Documentaries lose favour with audiences

Published: 20/06/2011 05:00



In recent years, Vietnamese documentaries, considered to be a strong point in the country’s cinematography industry, have not advanced as well as expected.


In search of lost audiences: A scene from the documentary Le Cai Tang (Digging up the Dead) by Dao Thanh Tung. — File Photo

Although some films have been honoured at domestic and international cinematographic awards ceremonies, many audiences expressed disappointment when they saw Dat Lanh (Cold Land) of director Nguyen Thuoc, Khoang Cach (Distance) of director Tran Phi, Loi Ru Thi Buon (The Lullaby Is Sad) of Nguyen Quy Manh Minh and Mac Van Chung at the third International Festival of Documentary Films last week.

“It’s not the voice-over which should be blamed, but the viewpoint of the film-maker,” said the director and artist Dao Trong Khanh.

The monotonous, incessant voice-overs have become the weak point of Vietnamese documentaries.

Khanh said if the director found it difficult to make attractive real stories about real people, he would be unable to lure an audience.

“The creation and innovation must lie in the thoughts of the film-maker,” Khanh added.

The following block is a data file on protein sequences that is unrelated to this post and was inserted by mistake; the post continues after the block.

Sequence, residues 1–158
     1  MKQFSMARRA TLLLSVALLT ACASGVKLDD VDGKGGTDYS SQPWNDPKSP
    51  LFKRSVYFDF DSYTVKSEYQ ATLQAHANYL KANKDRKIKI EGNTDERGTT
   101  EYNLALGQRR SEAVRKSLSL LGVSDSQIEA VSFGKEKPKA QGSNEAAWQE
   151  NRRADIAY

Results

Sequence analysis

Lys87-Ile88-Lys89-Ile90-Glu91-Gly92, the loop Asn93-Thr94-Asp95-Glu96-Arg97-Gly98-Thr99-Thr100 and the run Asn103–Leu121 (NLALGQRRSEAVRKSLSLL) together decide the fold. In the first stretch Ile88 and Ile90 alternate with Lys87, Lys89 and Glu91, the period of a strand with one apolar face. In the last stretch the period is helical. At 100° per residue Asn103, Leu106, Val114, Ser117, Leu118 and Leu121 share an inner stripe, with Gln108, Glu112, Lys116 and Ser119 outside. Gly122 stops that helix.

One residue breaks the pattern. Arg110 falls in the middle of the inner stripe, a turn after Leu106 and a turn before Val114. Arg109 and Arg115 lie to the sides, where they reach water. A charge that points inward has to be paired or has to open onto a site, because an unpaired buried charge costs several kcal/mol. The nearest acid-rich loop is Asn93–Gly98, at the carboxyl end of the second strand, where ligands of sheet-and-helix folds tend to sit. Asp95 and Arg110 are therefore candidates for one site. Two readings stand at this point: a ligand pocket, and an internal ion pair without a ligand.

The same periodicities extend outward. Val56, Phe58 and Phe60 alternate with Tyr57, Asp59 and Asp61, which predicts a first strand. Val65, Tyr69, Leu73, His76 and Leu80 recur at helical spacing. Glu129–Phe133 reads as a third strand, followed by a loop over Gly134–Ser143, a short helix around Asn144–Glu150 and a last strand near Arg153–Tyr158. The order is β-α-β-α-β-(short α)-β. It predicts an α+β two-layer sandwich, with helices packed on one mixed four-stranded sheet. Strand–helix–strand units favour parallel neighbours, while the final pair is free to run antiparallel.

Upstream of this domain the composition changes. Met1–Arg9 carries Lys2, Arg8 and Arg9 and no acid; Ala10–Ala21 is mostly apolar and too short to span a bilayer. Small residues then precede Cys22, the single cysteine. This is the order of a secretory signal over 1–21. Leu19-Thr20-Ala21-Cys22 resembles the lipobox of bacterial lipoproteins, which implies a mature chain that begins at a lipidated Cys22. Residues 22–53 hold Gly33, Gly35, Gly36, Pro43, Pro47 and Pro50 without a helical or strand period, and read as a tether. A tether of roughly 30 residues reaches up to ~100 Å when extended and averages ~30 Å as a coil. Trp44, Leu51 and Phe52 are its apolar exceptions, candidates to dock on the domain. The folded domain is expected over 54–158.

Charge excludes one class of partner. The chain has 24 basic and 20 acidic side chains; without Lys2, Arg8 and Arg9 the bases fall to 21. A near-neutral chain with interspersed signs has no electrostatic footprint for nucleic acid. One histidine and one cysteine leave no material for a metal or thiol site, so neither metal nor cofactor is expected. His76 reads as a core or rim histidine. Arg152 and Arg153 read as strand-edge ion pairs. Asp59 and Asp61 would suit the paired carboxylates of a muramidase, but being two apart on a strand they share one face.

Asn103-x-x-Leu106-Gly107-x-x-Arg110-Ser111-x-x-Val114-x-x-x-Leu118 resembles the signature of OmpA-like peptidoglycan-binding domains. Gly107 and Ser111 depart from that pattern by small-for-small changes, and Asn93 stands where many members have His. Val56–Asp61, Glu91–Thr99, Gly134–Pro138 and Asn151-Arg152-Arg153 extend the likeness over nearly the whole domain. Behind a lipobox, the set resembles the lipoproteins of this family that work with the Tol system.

According to Nguoi Lao Dong (The Labourer) newspaper, the absence of famous directors like Le Manh Thich, Ngoc Quynh and Tran Van Thuy hurt documentaries.

The new generation, for many reasons, cannot “escape the shade of the older generation, and shine”.

Some people disagree, however, citing as examples the young director Phan Huyen Thu and Dao Thanh Tung as evidence.

Their 26-minute work – Dites-le or Hay Noi (Let’s Talk) – was chosen to be screened with Stephane Gillot’s Pietragalla: Sur la pointe des pieds or Mua Pietragalla: Tren Dau Mui Chan (Dancing on the Top of Foot).

Tung is a name connected closely to many documentaries, which have appeared in recent award seasons.

He has made a strong impression on the audience with Le Cai Tang (Digging up the Dead), a work with the Discovery channel, although the subject was not that unusual.

Tung said the channel asked his team to do field work and work with characters before the script was written.

Thu said she was “splashed with cold water on my face” at a conference on cinematography in Ha Noi last year.

Several colleagues said she should be return to school, after seeing her first works.

But these were works that brought her very first awards and were used as reference materials at several schools.

“The new generation, people with the ability to rise and break through, have met with psychological barriers from their seniors,” the report said.

Foreign works are made using money generally mobilised by the film-makers themselves, and if they want to have money, their film project must convince investors. To sell the work, film-makers’ thoughts and energies are directed on it.

Because most Vietnamese documentaries are made with funds from the government budget, most directors view the film-making as just another job and are not interested in assuming serious responsibility for their films.

“They want the script to be approved easily, so they try to avoid thorny issues,” the report said.

VietNamNet/Viet Nam News

Provide by Vietnam Travel

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